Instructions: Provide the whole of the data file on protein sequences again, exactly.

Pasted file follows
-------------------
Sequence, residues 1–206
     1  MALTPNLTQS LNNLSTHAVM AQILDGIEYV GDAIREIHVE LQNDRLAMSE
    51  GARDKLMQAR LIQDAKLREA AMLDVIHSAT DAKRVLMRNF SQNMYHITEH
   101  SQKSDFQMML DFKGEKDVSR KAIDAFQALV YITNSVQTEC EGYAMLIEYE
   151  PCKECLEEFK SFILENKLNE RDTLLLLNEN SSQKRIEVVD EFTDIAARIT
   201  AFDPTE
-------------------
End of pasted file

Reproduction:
Sequence, residues 1–206
     1  MALTPNLTQS LNNLSTHAVM AQILDGIEYV GDAIREIHVE LQNDRLAMSE
    51  GARDKLMQAR LIQDAKLREA AMLDVIHSAT DAKRVLMRNF SQNMYHITEH
   101  SQKSDFQMML DFKGEKDVSR KAIDAFQALV YITNSVQTEC EGYAMLIEYE
   151  PCKECLEEFK SFILENKLNE RDTLLLLNEN SSQKRIEVVD EFTDIAARIT
   201  AFDPTE